OPOs can operate in the continuouswave (cw) or pulsed regimes. Because the threshold intensity is generally high for the usual nonlinear materials, the cw regime requires the use of DROPO or TROPO configurations. However, cwSROPO can run when the OPO is placed within the pumplaser cavity (Ebrahimzadeh et al., 1999). The SROPO in the classical external pumping configuration, which leads to the most practical devices, runs very well with a pulsed pump beam, i.e. Qswitched laser running in the nanosecond regime and modelocked laser emitting picosecond or femtosecond pulses. For nanosecond operation, the optical parametric oscillation is ensured by the same pulse, because several cavity round trips of the pump are allowed during the pulse duration. It is not possible in the ultrafast regimes (picosecond or femtosecond). In these cases, it is necessary to use synchronous pumping: the roundtrip transit time in the OPO cavity is taken to be equal to the repetition period of the pump pulse train, so that the resonating wave pulse is amplified by successive pump pulses [see for example Ruffing et al. (1998) and Reid et al. (1998)].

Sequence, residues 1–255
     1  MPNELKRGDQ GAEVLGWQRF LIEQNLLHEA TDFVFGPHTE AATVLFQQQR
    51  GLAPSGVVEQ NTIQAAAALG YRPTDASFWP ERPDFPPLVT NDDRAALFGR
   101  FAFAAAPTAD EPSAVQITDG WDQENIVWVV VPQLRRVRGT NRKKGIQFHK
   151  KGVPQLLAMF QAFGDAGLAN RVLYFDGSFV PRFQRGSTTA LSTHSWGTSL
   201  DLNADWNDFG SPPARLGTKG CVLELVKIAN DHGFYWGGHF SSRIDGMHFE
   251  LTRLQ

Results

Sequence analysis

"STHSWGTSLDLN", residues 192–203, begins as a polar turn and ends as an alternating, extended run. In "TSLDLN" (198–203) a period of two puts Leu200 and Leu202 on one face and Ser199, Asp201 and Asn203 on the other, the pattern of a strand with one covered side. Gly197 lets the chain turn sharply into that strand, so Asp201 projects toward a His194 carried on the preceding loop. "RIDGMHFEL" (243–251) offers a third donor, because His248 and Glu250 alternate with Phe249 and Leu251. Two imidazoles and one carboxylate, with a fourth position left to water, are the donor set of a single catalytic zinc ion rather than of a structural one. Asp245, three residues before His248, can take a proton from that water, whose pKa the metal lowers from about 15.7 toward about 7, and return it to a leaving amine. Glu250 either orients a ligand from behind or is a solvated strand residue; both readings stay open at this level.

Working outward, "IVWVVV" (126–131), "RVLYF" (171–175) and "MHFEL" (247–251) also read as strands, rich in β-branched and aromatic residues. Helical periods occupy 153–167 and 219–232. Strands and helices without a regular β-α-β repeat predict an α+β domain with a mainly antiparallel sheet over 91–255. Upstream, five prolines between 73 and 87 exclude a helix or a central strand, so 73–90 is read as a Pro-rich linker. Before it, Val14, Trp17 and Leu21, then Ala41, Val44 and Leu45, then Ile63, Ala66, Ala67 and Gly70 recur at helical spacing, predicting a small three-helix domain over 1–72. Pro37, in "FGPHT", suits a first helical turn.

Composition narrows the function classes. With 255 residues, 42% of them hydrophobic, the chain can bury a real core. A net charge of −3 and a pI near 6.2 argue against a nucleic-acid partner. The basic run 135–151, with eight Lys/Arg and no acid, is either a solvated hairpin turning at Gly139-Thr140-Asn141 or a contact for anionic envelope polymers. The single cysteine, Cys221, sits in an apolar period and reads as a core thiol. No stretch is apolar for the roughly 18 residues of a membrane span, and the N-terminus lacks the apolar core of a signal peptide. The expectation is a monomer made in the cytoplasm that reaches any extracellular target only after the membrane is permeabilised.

OPOs are used for the generation of a fixed wavelength, idler or signal, but have potential for continuous wavelength tuning over a broad range, from the near UV to the midIR. The tuning is based on the dispersion of the refractive indices with the wavelength, the direction of propagation, the temperature or any other variable of dispersion. More particularly, the crystal must be phasematched for DFG over the widest spectral range for a reasonable variation of the dispersion parameter to be used. Several methods are used: variation of the pump wavelength at a fixed direction, fixed temperature etc.; rotation of the crystal at a fixed pump wavelength, fixed temperature etc.; or variation of the crystal temperature at a fixed pump wavelength, fixed direction etc.
We consider here two of the most frequently encountered methods at present: for birefringence phase matching, angle tuning and pumpwavelength tuning; and the case of quasi phase matching.